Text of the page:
- No Harsh Chemicals Added: Unlike city water, well water isn’t treated with added chemicals like fluoride or chlorine. This is a huge pro if you’re concerned about the potential dangers of these chemicals.
- Cost-Effective: While there may be initial costs associated with installing a well, once your well is in place, it becomes a cost-effective way for you to obtain clean, fresh water for your house.
- Increases Property Value: Homes with private wells tend to have higher property values than homes without. This means the value of your assets and net worth would increase if you have a private well on your home.
- Off-grid Water Supply: Private wells source water from an underground aquifer, meaning its independent of other water systems. So if the city water gets contaminated or cut off, it will not have an effect on the private well.
Disadvantages of Well Water
These are some of the disadvantages of well water:
- Contaminants: Well water may contain different kinds of harmful substances like bacteria, pesticides, and heavy metals. It is also common for private well owners to find dead animals in their well. If your well isn’t properly maintained and regularly tested, there’s a good chance your well water will have these contaminants.
- Hard Water: Well water can be hard. This means it may have excessive levels of minerals. Although minerals in moderate amounts are good for you, excess minerals in the water may damage your appliances, and it can be harsh on skin and hair. Making hard water soft requires a sediment filter to remove small particles from the water.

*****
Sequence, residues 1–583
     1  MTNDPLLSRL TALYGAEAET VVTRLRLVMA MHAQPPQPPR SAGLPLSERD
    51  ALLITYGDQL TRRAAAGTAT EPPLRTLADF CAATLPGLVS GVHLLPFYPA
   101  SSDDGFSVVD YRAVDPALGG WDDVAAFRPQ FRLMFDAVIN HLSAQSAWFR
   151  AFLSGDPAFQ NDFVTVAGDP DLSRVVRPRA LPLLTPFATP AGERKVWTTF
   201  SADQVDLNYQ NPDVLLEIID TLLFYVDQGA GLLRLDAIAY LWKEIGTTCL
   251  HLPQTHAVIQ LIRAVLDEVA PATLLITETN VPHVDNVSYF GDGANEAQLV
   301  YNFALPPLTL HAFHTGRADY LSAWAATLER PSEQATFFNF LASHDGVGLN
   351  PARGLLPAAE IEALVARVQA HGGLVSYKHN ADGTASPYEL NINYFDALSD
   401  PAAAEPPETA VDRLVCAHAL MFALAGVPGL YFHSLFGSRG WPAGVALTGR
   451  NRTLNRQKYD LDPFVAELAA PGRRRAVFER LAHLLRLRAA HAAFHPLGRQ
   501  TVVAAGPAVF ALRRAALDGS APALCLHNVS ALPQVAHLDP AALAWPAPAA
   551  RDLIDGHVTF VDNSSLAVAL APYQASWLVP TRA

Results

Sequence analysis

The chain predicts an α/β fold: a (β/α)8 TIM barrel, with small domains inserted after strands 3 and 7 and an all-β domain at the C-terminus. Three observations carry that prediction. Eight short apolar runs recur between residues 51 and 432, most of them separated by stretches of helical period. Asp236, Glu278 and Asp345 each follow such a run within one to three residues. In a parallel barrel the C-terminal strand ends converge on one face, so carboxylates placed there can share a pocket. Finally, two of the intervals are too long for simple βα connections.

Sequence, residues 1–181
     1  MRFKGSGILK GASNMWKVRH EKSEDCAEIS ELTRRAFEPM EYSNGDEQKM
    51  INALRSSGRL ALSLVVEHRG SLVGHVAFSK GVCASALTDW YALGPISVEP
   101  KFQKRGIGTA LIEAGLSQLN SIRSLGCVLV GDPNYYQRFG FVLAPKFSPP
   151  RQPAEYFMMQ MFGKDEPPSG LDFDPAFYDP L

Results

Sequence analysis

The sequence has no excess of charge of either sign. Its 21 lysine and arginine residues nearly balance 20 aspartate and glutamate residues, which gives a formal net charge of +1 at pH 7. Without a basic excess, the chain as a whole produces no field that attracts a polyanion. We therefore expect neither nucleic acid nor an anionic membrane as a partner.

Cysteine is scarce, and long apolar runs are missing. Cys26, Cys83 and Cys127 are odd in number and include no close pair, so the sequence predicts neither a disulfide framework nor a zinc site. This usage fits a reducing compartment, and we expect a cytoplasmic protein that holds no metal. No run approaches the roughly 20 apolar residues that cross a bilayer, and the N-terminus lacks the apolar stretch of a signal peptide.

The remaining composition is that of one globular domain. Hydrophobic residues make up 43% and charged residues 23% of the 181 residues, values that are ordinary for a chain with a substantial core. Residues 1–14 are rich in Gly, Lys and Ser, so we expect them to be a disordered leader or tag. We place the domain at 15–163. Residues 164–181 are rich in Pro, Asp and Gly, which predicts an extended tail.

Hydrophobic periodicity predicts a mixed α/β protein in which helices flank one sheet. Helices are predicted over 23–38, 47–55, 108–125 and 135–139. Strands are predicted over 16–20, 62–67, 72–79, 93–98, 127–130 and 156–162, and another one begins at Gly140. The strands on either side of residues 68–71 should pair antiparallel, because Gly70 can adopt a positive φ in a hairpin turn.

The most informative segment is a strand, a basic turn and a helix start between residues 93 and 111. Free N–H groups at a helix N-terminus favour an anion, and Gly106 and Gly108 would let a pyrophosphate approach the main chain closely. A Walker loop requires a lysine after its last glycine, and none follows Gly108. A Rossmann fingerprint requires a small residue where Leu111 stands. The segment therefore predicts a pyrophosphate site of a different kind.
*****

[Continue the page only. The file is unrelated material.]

- Installation and Maintenance: Installing and maintaining a well can be expensive and time-consuming. This requires you to dedicate several days a quarter to cleaning the well and testing the water for contaminants.
Advantages of City Water
Here are some of the advantages of using city water:
- Safe to Drink: City water is already treated to remove harmful viruses and bacteria. This makes it safe to use for cooking and drinking.
- Consistent Quality: Since city water is treated and continuously monitored, it typically has a consistent quality and is less likely to be contaminated than well water.
- Convenience: City water is readily available in most areas and doesn’t require any special equipment to use for maintenance or collection.
Disadvantages of City Water
The following are the drawbacks of using city water:
- Added Chemicals: City water is typically treated with special chemicals like chlorine and fluoride. Although these chemicals are meant to keep the water clean, they may have negative health effects in high doses. Moreover, the treatment process may strip the water of beneficial minerals and nutrients.
- Cost: Of course, the cost of city water varies depending on where you live. But in some areas, it’s far more expensive than well water.
- Environmental Impact: The treatment and distribution of city water can have a big impact on the environment. It involves the use of energy and the production of waste.
Which is healthier, City Water or Well Water?
The question of which type of water is healthier has long been a topic of debate. There are arguments to be made for both sides. But the truth is that both well water and city water can be safe to drink if you properly treat and filter them. However, well water is more likely to contain microorganisms harmful to your health, while city water can contain high levels of chemicals.
Ultimately, the decision about which type of water to drink will come down to your personal preference and the quality of the water in your area.
How Should You filter Well Water and City Water?
If you have well water, it’s crucial to have it tested regularly to make sure it’s safe to drink. You should also invest in a water filtration system that’s designed to work specifically for well water. A few of the most common types of well water filters include activated carbon filters, UV filters, and reverse osmosis systems.